With regard to dilations, be sure the student understands that a dilation is a transformation that enlarges or reduces an image by a scale factor about a fixed point (called the center of dilation). Discuss the basic properties of dilations (e.g., angle preservation, parallelism, colinearity, and orientation) and how these properties ensure that the image of a figure under a dilation is always similar to the preimage.
Encourage the student to be precise when describing transformations. Model a concise description using mathematical terminology. Then make clear that the figures are similar because the sequence of transformations carries one figure onto the other.
Provide additional opportunities to show that two figures are similar by describing specific transformations that carry one figure onto the other. Remind the student to include all necessary components in each description, identifying the center and scale factor of the dilation, the center and degree of rotation, the line of reflection, or the vector along which a figure is translated. 
Almost There 
Misconception/Error The studentâ€™s description contains a minor error. 
Examples of Student Work at this Level The student provides a detailed description of the sequence of transformations that demonstrate similarity, but the description contains an error. For example, the student:
 Describes the scale factor incorrectly.
 Describes the center of dilation incorrectly.
 Describes the line of reflection incorrectly.

Questions Eliciting Thinking Are you comparing the dimensions of the trapezoid or the area of the trapezoid? Does it matter? To what does scale factor refer?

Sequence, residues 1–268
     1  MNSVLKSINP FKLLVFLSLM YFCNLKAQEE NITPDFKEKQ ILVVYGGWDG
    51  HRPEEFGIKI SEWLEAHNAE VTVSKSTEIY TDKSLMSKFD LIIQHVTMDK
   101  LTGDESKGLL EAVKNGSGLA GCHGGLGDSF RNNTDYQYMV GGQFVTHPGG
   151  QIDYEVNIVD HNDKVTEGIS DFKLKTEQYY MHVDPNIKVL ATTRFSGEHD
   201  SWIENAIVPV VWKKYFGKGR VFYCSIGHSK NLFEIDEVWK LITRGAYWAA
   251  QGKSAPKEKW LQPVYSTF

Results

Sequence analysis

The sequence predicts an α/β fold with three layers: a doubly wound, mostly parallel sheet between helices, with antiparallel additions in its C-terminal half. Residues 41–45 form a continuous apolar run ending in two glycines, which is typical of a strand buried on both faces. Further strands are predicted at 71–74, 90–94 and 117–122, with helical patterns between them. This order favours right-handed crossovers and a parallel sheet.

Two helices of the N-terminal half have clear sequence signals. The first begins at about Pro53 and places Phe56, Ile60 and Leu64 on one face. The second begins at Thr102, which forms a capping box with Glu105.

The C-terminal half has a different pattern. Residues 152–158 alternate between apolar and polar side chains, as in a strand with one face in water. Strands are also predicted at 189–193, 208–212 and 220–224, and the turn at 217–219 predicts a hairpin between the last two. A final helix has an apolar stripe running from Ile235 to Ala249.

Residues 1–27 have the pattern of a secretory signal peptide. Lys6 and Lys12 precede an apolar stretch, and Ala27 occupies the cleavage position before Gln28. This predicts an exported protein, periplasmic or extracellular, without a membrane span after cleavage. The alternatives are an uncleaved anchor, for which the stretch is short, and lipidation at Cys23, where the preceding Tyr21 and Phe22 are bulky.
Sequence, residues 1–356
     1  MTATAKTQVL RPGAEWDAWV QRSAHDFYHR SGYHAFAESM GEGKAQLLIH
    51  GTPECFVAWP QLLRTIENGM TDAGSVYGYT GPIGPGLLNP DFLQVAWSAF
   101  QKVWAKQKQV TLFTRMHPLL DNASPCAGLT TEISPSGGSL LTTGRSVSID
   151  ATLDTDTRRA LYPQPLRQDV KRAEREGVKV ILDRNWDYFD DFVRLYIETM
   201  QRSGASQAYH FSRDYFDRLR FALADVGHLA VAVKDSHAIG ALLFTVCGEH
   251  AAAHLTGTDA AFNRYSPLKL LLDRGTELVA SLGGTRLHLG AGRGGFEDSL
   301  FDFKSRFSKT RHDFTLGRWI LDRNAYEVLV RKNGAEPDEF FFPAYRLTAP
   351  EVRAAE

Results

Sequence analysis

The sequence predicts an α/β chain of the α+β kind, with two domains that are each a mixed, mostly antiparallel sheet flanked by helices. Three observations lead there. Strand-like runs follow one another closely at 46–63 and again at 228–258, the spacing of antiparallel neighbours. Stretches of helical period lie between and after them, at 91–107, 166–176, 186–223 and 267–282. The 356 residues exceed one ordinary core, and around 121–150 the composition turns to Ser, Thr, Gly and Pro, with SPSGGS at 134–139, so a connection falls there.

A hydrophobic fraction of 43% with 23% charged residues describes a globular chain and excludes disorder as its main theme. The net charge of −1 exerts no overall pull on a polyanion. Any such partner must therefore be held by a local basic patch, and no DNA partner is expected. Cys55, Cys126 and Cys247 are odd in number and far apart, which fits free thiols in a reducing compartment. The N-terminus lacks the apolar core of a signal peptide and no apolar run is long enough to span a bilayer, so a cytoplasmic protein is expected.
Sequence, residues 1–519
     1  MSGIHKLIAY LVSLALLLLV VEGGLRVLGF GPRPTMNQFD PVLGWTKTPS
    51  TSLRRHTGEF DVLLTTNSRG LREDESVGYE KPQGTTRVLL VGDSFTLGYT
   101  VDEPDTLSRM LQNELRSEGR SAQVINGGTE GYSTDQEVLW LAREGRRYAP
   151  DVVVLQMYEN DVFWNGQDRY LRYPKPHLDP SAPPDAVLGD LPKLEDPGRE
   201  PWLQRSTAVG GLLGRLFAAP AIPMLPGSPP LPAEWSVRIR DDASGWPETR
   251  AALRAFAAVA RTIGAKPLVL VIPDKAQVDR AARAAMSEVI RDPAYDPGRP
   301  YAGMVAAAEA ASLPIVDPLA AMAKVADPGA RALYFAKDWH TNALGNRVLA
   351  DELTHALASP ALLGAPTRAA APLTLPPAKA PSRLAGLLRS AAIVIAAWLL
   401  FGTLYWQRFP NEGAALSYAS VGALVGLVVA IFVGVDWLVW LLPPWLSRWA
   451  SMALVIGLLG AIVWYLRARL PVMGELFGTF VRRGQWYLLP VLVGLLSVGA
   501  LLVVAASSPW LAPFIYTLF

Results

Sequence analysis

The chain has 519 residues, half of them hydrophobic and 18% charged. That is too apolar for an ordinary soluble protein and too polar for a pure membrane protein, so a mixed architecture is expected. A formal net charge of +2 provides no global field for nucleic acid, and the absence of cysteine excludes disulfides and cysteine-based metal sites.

How can you specify the line of reflection? 
Instructional Implications Provide specific feedback to the student concerning any error made and allow the student to revise his or her work. Encourage the student to check his or her work for accuracy.
Provide additional opportunities to show that two figures are similar by describing specific transformations that carry one figure onto the other. Remind the student to include all necessary components in each description, identifying the center and scale factor of the dilation, the center and degree of rotation, the line of reflection, or the vector along which a figure is translated. 
Got It 
Misconception/Error The student provides complete and correct responses to all components of the task. 
Examples of Student Work at this Level The student describes a reflection of trapezoid ABCD across the xaxis, and a dilation with a scale factor of two and a center at point D. The student explains that since the figures now coincide, they are similar. 
Questions Eliciting Thinking How does describing this sequence of transformations ensure that the figures are similar?
If two figures are similar, what must be true of their corresponding angles? What property of rigid motions ensures this?
If two figures are similar, what must be true of corresponding sides? What aspect of the sequence of transformations ensures this?
Are congruent figures necessarily similar? Are similar figures necessarily congruent? 
Instructional Implications Consider implementing the MFAS task Similarity  3.